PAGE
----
Peruvian engineer, creator of display for people with hearing impairment, obtains recognition from MIT

Peruvian engineer Leoncio Huamán Peredo received recognition from the Massachusetts Institute of Technology (MIT) for the creation of «Vision D», a display that allows people with hearing impairment to visualize the words spoken by the people with whom they communicate without using sign language. The award recognizes his contribution in humanitarian issues where technology aims to solve disability problems through sustainable tools for patients suffering from this affliction.

This technology consists on a small viewfinder, suitable for all types of glasses, which projects phrases and words from another interlocutor in real time through the IBM Watson Speech to Text service. This way the user can continue a conversation without losing eye contact with the other person. Additionally, the users can add a function on the device that allows them to receive the translation of what the person with whom they are communicating are saying through text messages. The engineer, who works as Solution Architect Hybrid Solutions at IBM, announced that this recognition will allow him to make improvements to the device so he can help peruvians who cannot access a cochlear implant or a sign language interpreter, since in Peru not everyone knows this language.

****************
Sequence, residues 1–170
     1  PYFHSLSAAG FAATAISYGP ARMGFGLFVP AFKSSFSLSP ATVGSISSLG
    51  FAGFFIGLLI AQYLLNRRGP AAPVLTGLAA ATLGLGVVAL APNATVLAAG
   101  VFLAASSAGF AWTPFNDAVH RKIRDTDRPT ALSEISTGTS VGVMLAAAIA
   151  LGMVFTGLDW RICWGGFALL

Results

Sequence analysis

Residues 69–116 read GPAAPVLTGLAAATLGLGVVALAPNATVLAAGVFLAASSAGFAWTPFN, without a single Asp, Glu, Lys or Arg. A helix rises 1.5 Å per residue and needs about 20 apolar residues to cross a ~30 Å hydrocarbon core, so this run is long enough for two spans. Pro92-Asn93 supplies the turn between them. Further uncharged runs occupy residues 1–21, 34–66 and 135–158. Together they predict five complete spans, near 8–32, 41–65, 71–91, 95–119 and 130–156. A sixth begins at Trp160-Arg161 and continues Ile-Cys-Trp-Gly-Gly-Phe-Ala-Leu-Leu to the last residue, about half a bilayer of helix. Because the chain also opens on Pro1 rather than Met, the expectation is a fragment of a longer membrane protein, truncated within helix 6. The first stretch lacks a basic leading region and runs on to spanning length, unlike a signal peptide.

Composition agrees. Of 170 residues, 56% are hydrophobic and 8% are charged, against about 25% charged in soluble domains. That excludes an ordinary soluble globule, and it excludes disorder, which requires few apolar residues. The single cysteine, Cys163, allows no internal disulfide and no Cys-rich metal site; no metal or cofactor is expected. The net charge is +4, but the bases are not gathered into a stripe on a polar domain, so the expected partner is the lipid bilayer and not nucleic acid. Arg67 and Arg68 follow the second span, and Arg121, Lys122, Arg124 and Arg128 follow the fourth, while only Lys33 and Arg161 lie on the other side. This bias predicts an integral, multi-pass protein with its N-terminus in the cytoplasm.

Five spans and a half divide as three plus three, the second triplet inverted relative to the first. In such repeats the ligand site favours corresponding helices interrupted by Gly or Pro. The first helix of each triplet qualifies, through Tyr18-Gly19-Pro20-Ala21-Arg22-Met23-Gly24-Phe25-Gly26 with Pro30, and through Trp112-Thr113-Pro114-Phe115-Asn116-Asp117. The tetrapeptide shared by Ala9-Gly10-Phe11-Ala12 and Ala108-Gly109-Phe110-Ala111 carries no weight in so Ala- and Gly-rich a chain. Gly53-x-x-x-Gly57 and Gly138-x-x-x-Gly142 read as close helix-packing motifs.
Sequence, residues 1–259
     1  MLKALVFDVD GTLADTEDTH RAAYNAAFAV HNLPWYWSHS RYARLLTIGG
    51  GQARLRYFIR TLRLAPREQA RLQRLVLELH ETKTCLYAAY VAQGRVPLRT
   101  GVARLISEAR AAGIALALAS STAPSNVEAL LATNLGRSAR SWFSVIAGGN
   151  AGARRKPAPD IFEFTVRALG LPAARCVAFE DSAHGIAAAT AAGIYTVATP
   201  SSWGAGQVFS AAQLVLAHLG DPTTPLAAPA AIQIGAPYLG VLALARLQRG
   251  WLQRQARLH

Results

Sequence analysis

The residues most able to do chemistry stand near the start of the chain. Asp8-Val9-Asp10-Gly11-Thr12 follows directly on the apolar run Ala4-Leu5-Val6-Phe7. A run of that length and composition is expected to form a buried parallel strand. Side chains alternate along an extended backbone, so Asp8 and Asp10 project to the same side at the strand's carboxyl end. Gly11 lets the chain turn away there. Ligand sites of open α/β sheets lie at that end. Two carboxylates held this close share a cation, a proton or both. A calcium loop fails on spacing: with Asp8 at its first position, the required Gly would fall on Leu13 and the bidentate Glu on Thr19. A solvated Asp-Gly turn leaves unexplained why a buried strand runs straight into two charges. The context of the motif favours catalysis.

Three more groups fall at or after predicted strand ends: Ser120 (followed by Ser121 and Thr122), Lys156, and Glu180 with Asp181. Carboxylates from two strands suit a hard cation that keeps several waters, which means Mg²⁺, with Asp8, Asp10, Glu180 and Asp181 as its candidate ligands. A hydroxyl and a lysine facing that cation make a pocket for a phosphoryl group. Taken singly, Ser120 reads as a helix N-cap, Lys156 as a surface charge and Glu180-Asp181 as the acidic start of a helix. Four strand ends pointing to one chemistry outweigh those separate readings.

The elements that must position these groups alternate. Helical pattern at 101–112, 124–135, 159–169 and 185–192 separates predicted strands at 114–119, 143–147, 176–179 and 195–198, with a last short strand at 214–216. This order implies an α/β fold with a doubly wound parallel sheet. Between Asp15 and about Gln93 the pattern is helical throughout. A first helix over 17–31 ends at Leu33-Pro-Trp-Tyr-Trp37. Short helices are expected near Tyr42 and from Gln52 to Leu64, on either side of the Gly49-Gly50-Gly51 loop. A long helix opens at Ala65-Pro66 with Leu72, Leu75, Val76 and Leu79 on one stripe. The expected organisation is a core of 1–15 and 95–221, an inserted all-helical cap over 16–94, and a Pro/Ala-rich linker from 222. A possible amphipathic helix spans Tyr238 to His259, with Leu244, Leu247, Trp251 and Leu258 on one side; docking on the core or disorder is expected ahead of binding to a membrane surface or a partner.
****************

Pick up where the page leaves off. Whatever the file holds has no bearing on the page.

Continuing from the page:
In Peru there are more than half a million citizens with hearing impairment. Huamán hopes that this new discovery will help people with hearing impairment to feel more included in society and develop in any professional field. The tests of the innovation were developed with the support of the Association of Deaf Youth and Adolescents of Peru. The system programming code is an open source so other scientists and developers can make improvements for the product, as in the ergonomic design of the screen, updates and other uses that can be given to the viewer.